As the speaker discussed about the realities PWSNs face and shared advice families may apply to their situations, one by one, the doctors were calling PWSNs and their families to be assessed before they meet with their therapists. The whole afternoon then was dedicated for them to meet with their designated therapists from Therafree. In their one-on-one sessions, the therapists assessed each one of the PWSNs by talking to them and their families. Before finishing their turns, they were given handouts and worksheets that could help them work on their areas of difficulty. As each consultation came to an end, families left with smiles on their faces and positive feedback.
Sprout encourages positive change that aims to help PWSNs in response to the limited therapy availability in the Philippines, highlighting the current lack of medical provision of the government in the PWSN sector. Sprout serves as an avenue for people to know more about this issue on the restricted accessibility of therapy for PWSNs, while also sending out a message for people to respond and be part of the advocacy. Through this, SPEED shows its solidarity with the sector it seeks to serve through concrete efforts to respond to the issues that the sector faces.
Written by Kimberly Robles, 2 AB Social Sciences, a small curly haired girl with a passion to help.
From October 23 to 27, the Ateneo Special Education (SPEED) held Its annual SPEED Week event. Among the many booths lined along LS Promenade for the week was Spectrum, one of Ateneo SPEED’s fundraising project intended to promote artwork created by persons with special needs (PWSNs).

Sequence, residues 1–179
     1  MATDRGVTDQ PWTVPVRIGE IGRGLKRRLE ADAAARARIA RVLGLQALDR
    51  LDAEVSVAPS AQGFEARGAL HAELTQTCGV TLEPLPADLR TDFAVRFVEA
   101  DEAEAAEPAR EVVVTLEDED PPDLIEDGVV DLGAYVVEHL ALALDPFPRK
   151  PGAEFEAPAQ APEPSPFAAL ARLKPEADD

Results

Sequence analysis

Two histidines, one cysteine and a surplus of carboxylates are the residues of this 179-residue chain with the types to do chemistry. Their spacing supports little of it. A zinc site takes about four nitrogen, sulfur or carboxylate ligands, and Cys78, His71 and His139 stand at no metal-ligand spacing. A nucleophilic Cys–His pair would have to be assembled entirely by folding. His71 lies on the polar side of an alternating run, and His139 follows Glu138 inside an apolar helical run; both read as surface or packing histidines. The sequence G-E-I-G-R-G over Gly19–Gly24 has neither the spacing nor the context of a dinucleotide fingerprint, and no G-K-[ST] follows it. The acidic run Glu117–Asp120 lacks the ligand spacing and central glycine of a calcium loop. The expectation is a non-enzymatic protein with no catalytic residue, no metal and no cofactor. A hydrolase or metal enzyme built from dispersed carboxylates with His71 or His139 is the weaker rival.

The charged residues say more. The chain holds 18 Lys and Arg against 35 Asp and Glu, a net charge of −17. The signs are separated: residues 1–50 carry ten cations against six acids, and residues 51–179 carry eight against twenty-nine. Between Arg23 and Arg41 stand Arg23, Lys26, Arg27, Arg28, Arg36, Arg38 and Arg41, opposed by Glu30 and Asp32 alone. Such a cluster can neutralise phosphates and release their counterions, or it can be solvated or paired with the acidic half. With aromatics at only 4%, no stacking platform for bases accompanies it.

If you were passing by the area, you would likely be approached by one of many eager roving promoters for the event, likely holding up a poster featuring a sampling of the various items available for purchase at Spectrum. If their impassioned spiel endorsing the booth and the spirit of advocacy it embodied was enough to convince you, they’d lead you on to the booth so you could see the merchandise for yourself. Upon reaching the Neverland-themed booth you’d see various shirts, caps, and stickers hanging around the display racks, as well as paintings featuring similar artworks by PWSNs hanging on an exhibit next to the booth. You could then take your pick among the designs if any one of them caught your fancy, with each one featuring the name of the talented PWSN artist behind the design.
This year, Spectrum really expanded the scope of merchandise offered to its buyers and promoted the organization’s advocacy with clothing featuring creative artworks as well as witty and meaningful statements promoting the message of SPEED. The selection of goods proved to be a hit among customers, many of whom pre-ordered the items that they personally felt were relevant to them. Overall, Spectrum succeeded in promoting SPEED’s advocacy for this year’s SPEED Week and will hopefully keep continuing to do so for the years to come.
Written by: Miguel Luis A. Vasallo, MA Psychology
Becoming hyperfocused. Having constant spurts of energy. Being impulsive and spontaneous. Those are some facts that about Attention Deficit / Hyperactive Disorder (AD/HD), a special condition that is spotlighted in SPEED’s Speak Out pledge week this year.
This year’s Speak Out aims to raise awareness about the AD/HD sector within the Ateneo community. By pledging in the booth (and the optional decision to donate money to SPEED’s partner institutions), Ateneans were encouraged to know more people about AD/HD, to understand their needs as people, to look beyond their condition and to embrace and love them as part of a larger happy, inclusive society.
SPEED President Alimee Pagulayan hopes that Speak Out will encourage more initiatives to support persons will AD/HD and other PWSNs within the Ateneo. “Whether it’s a personal form of support, such as genuinely getting to know persons with ADHD, or a structural form of support done by the university to accommodate PWSNs, we hope that people would see the need for it and be able to do something about it,” she expressed.
Written by: Joel Anthony Lim, 4 AB Interdisciplinary Studies